FIG. 2 is a block diagram of a voltage regulator 200 according to an example embodiment of the present invention. Referring to FIG. 2, the voltage regulator 200 includes an error amplifier 210, a voltage driving circuit 230, and a current sinking unit 250. FIG. 6 shows a flow-chart of steps during operation of the voltage regulator 200 of FIG. 6.

The error amplifier 210 generates a voltage control signal CVO including information about variation of an output signal such as an output voltage VO at an output node N1 (step S100 of FIG. 6). The voltage driving circuit 230 is controlled by the voltage control signal CVO to maintain the output voltage VO to a desired level by adjusting a sourcing current ISR (step S200 of FIG. 6). For example, the sourcing current ISR is increased if the output voltage VO at the output node N1 is decreased, and the sourcing current ISR is decreased if the output voltage VO at the output node N1 is increased.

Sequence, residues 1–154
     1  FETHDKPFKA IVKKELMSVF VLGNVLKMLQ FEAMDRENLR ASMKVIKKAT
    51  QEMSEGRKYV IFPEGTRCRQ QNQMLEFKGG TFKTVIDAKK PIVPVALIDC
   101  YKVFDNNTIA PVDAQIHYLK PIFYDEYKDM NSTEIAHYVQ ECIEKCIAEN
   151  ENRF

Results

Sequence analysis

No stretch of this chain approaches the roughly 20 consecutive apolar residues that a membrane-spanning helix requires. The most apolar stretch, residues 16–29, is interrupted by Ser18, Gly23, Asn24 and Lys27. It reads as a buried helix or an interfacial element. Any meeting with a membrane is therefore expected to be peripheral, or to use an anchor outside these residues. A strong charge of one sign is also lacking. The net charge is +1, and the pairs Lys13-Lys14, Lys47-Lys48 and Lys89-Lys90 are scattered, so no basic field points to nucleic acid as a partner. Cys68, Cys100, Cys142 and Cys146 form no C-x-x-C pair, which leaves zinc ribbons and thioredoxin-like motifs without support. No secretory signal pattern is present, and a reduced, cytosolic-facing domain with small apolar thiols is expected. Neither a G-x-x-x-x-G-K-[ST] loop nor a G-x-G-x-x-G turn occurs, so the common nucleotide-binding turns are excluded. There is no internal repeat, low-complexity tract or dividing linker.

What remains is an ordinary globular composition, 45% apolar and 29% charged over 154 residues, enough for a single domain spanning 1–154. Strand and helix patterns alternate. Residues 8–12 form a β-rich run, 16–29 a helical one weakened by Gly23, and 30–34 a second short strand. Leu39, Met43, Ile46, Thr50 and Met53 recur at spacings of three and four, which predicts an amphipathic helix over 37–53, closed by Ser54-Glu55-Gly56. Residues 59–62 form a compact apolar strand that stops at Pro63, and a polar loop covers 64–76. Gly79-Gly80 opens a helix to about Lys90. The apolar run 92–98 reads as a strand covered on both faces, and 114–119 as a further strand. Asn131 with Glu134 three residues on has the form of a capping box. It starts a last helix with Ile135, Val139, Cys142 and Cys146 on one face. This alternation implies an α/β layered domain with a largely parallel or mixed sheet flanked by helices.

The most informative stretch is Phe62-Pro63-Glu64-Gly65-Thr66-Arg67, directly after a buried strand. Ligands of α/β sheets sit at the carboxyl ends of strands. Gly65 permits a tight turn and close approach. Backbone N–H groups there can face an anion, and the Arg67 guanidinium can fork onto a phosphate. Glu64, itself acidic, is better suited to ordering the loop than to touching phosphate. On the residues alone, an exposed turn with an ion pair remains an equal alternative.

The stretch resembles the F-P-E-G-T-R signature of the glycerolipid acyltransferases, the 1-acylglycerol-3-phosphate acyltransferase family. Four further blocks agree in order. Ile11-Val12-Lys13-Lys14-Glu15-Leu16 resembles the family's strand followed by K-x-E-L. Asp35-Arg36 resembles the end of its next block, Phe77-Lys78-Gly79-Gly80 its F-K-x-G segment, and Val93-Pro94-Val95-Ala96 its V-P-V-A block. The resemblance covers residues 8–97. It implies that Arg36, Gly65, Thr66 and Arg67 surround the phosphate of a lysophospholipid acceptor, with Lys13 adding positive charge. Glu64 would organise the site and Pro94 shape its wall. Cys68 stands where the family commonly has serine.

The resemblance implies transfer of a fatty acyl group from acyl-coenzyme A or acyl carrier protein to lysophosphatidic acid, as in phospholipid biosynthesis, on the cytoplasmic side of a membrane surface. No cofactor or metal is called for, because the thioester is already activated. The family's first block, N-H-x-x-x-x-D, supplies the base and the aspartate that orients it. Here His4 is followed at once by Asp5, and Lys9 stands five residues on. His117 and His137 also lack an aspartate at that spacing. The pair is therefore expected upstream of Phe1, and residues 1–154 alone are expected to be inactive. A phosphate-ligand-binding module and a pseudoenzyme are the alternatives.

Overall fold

The current sinking unit 250 diverts at least a portion of a reverse current IRV based on the voltage control signal CVO. The reverse current IRV is an external current generated by an external source such as an external circuit outside of the voltage regulator 200. The current sinking unit 250 diverts at least a portion of the reverse current IRV by generating a sinking current ISK that flows away from the output node N1 (step S300 of FIG. 6).

When the reverse current IRV is generated from the external circuit, the voltage regulator 200 promptly sinks the reverse current IRV through the current sinking unit 250 for preventing the output voltage VO from being increased by the reverse current IRV. Accordingly, the voltage regulator 200 generates a stable output voltage.

FIG. 3 is a circuit diagram of a voltage regulator 300 such as the voltage regulator 200 of FIG. 2, according to an example embodiment of the present invention. Referring to FIG. 3, the voltage regulator 300 includes a differential input amplifier 310 for the error amplifier 210, a feedback circuit 320, a voltage driving circuit 330, a reference voltage generator 340, and a current sinking unit 350.